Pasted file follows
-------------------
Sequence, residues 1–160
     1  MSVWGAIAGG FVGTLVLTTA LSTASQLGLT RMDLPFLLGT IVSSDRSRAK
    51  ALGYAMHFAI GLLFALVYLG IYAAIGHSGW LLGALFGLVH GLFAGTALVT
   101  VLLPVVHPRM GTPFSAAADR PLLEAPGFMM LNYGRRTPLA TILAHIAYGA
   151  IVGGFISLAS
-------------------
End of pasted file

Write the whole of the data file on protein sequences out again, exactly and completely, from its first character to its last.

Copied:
Sequence, residues 1–160
     1  MSVWGAIAGG FVGTLVLTTA LSTASQLGLT RMDLPFLLGT IVSSDRSRAK
    51  ALGYAMHFAI GLLFALVYLG IYAAIGHSGW LLGALFGLVH GLFAGTALVT
   101  VLLPVVHPRM GTPFSAAADR PLLEAPGFMM LNYGRRTPLA TILAHIAYGA
   151  IVGGFISLAS